Augmented and virtual reality are helping shape the future of medical education

By Vikram Savkar

The field of medical education is constantly adapting in the face of new challenges, new technologies, and evolving consumer tastes. Today, these factors are converging to make virtual reality and augmented reality (VR/AR) training a present-day reality in medical education, something that would have seemed unlikely even a few years ago.

The pandemic, certainly, gave a strong boost to the receptive­ness of medical schools to adopt digital training solutions, with students unable to participate in sessions such as hands-on dissection, a core activity in medical training. As a result, there was a sudden uptake in the spring and fall of 2020 by medical schools of digital anatomy solutions, which students could access from home or the safety of their dorm rooms. These digital anatomy solutions, which combine sophisticated modeling technology derived from the gaming industry with high-fidelity anatomical drawings prepared by trained specialists, were not only an adequate stopgap solution to shuttered gross anatomy labs but were, in some ways, even more powerful. At their best, these tools gave students a chance to interactively explore a diversity of body types, building deep familiarity with human anatomy.

VR/AR become medical school mainstays

Digital anatomy tools continued to play a larger role in medical schools over the duration of the pandemic, and by the 2022/2023 academic year, when “pandemic protocols” in most schools were suspended, they remained in heavy use. This new widespread comfort with digital tools, supplementing or occasionally replacing the traditional real-world equivalents, ultimately laid the groundwork for the rise of VR/AR solutions.

Because the underlying VR/AR technologies have advanced so quickly in the past few years, partly because of major companies like Meta mainstreaming the idea of VR/AR product investment, by the late stages of the pandemic there was an upsurge in VR/AR-based medical training tools on the market that provided stunning and credible learning experiences for medical students. When used in the appropriate settings, these tools trained students on how to perform actual surgeries – including with “haptics”, or a sense of the actual “feel” of making an incision – or gave them a real-world experience of treating a range of realistic digital patients. While at first there was some hesitancy on the part of faculty, now in 2023 we are starting to see rapid (though still initial) adoption of these tools in medical education in widespread parts of the world.

The new way of safely learning medical essentials

From the perspective of institutions, there are two reasons for this openness to using solutions that would have been dismissed out of hand just a few years ago.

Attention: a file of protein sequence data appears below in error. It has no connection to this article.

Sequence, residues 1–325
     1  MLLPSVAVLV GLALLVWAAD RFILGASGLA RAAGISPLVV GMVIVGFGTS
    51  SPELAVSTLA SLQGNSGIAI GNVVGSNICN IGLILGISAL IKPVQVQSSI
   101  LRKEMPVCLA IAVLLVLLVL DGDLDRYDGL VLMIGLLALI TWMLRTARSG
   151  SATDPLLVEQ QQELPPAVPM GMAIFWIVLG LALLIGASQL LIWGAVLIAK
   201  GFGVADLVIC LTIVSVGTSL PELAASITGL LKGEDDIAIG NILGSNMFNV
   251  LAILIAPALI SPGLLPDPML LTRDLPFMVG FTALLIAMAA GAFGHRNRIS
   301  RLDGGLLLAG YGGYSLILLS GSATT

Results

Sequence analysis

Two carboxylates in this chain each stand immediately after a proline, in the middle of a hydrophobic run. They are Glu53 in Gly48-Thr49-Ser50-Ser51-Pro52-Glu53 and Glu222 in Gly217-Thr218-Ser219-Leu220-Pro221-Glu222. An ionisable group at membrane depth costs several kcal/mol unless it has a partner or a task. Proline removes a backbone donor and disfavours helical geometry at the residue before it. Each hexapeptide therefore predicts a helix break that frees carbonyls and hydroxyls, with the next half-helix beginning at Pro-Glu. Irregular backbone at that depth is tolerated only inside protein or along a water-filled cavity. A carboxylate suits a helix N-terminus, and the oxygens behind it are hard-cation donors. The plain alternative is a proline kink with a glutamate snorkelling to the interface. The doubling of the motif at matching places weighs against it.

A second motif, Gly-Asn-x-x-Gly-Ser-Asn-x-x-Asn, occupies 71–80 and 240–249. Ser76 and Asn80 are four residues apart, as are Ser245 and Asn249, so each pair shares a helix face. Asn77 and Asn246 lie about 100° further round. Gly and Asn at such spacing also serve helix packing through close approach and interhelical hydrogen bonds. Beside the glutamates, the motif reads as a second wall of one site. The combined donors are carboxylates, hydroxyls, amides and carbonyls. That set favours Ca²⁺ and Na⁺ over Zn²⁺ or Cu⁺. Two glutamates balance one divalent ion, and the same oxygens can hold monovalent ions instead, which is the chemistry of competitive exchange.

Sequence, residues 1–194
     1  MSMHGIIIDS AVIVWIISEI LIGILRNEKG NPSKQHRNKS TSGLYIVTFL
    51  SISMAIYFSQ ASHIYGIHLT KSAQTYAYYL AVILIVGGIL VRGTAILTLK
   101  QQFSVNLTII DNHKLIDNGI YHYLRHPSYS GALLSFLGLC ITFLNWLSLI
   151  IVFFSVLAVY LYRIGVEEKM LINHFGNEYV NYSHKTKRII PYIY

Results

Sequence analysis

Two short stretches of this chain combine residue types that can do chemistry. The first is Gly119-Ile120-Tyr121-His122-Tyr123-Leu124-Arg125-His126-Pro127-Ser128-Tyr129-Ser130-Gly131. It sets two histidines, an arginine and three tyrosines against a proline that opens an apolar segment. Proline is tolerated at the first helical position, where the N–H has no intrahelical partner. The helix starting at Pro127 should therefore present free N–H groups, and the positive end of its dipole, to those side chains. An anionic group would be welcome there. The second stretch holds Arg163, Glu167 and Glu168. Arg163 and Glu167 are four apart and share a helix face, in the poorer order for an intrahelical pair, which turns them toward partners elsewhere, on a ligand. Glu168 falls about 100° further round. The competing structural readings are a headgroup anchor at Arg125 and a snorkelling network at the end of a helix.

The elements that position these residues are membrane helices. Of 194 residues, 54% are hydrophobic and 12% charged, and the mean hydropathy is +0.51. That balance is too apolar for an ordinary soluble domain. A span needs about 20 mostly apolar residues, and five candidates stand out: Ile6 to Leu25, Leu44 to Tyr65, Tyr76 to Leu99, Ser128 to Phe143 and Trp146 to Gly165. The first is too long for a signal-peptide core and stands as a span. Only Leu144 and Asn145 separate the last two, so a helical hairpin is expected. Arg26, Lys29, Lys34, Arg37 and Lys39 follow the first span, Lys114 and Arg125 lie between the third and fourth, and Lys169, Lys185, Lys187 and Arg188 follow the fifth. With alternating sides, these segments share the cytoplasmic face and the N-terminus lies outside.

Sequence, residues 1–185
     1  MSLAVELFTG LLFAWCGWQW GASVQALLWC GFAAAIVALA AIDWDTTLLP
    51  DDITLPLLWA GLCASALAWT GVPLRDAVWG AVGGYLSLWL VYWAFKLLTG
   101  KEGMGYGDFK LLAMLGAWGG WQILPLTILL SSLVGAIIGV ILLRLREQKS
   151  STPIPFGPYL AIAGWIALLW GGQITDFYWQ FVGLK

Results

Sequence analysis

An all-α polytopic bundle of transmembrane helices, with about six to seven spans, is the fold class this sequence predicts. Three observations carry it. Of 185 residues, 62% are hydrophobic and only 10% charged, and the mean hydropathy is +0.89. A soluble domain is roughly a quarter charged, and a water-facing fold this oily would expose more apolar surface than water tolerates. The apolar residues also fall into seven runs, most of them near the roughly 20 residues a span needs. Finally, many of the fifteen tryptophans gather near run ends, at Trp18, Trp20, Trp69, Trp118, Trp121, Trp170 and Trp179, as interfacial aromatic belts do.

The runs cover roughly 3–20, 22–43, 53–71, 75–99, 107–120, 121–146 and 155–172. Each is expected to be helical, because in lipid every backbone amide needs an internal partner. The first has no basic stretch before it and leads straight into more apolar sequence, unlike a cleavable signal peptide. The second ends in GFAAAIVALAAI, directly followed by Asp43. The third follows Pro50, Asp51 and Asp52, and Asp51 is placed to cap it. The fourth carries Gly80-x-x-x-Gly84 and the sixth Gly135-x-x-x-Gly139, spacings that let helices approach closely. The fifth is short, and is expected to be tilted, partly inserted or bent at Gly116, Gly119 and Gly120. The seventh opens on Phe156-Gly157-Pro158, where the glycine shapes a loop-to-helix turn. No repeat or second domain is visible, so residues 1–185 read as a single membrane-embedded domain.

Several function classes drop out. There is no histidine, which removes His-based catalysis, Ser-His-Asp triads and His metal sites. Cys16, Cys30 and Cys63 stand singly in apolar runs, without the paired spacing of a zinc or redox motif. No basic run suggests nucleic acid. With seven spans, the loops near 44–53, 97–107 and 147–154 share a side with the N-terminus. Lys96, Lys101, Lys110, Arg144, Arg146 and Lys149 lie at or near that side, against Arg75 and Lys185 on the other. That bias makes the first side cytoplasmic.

First, as a study [1] published in Simulation in Healthcare outlined, VR simulation practices can serve as a supplementary tool to address the issues of limited time and resources in medical schools by allowing students to repetitively practice various skills without unwanted consequences. It goes without saying that residents cannot practice a difficult surgery repeatedly on real patients; but they can on VR simulated patients. Residents can improve skills and coordination, track their proficiencies, and improve decision-making especially when under the pressure of critical events, all without concern for doing harm to real patients. Medical students can practice consults with agitated patients or patients with challenging social determinants again and again, until they develop relationship-building skills that are as strong as their medical knowledge. An article [2] from Studies in Health Technology and Informatics has shown that medical students demonstrate significantly higher knowledge gain when using an immersive environment rather than screen-based learning. In a market with trained clinicians in short supply, VR/AR tools are a powerful mechanism for potentially accelerating the speed to practice-readiness.

Second, VR/AR tools are certain to become a larger part of the field of medical practice itself, though we are still just in the earliest stages of this development. Research and Markets projects [3] that the VR and AR market in healthcare could see a 22.5% compound annual growth rate from 2023 to 2027.

The exact use cases for how VR/AR will become part of daily healthcare practice are still being determined, but one likely use case is patient education. Utrecht University Medical Centre in the Netherlands noted that VR interventions showed a significant reduction in anxiety for some patients, and patients found VR education useful overall as it heightened understanding, improved communication with healthcare professionals, and encouraged following treatment guidelines. Incorporating VR/AR into medical education will help prepare clinicians to use these tools in practice.

The future of medical education will differ from the traditional approach in many ways, but we can expect that widespread integration of immersive technology will be a substantial one. While these technologies will continue to evolve and improve, it is already clear that medical education can benefit from their potential to enhance learning outcomes, improve patient care, and transform medical practice.

About the author

Vikram Savkar is the Senior Vice President and General Manager for the Medicine Segment at Wolters Kluwer. In his role, Savkar leads product innovation to advance the digital evolution of information and productivity solutions for medical researchers, clinicians, medical students, and faculty to inform evidencebased decisions on care and outcomes. He has been with Wolters Kluwer for ten years, serving as General Manager for several businesses in the Legal & Regulatory division before joining the health division.

Vikram Savkar